3. The 3G AT&T plans are more expensive, which sucks, but at least one can rationalize the data part by remembering that you are getting faster speeds. However, what explains 1500 text messages going from $6 to $15 a month??? Text messages? Ten cents a message as part of a plan is highway robbery. And considering most people won’t hit 1500 on the dot, it often times ends up being much more per message than that. Ok, it’s actually a penny a message.
  4. The shape of the phone has changed ever so subtly such that I can’t even use my original iPhone dock with it. Apple doesn’t include a dock with the iPhone 3G and charges $30 for their new “compatible” dock. This is an especially low blow.
  5. In my mind, neither the white model nor the black model look as nice as the old silver model and I don’t consider plastic an upgrade over metal.
  6. Location Services takes quite a long time to triangulate your location and often doesn’t work. I guess since I was forced to turn it off, I shouldn’t really care anyway.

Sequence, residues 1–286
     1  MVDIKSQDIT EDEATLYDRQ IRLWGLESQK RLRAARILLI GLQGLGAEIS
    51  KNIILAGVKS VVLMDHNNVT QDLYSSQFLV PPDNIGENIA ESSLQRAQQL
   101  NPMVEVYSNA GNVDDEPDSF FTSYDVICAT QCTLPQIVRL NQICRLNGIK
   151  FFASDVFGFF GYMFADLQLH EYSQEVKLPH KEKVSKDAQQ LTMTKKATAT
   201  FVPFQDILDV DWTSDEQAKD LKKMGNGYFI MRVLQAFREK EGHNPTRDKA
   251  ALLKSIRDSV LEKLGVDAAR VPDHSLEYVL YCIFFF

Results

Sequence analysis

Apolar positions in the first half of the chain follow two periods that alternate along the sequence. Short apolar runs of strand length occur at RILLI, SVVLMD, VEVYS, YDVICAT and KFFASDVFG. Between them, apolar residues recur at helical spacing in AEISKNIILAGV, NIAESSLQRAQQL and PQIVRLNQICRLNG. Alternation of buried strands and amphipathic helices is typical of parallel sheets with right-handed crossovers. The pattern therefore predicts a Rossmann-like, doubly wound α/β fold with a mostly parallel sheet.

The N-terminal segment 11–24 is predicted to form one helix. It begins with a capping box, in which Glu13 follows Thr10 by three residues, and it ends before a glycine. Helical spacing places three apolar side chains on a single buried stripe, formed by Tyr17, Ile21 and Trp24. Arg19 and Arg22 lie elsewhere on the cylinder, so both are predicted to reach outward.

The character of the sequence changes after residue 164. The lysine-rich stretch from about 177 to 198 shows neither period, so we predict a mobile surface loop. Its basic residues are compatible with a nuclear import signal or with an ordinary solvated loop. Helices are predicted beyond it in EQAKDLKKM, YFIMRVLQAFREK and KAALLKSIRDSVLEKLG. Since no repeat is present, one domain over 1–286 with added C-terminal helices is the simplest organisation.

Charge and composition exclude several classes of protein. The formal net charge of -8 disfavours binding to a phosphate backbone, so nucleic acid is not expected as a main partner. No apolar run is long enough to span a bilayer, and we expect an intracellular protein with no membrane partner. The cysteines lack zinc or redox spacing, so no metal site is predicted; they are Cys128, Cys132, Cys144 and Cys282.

7. I live near downtown Seattle and a good portion of the time, I’m still on Edge.
  8. There’s a $18 “upgrade” fee for no apparent reason to switch phones.

In the end, I’d be willing to overlook every item on that list if it weren’t for the battery life issue. I’m not opposed to charging my phone every single night but when you have to think about charging it even during the day, that’s just poor product planning. I’d gladly accept an extra few millimeters in thickness if it meant a 50% bigger battery.

So in closing, I would say that if you already have a first generation iPhone you’re happy with, by all means stick with it. When the iPhone 3G Rev B comes out in several months and sports an acceptable battery, you’ll be happy you’re not stuck with the “old” 3G model.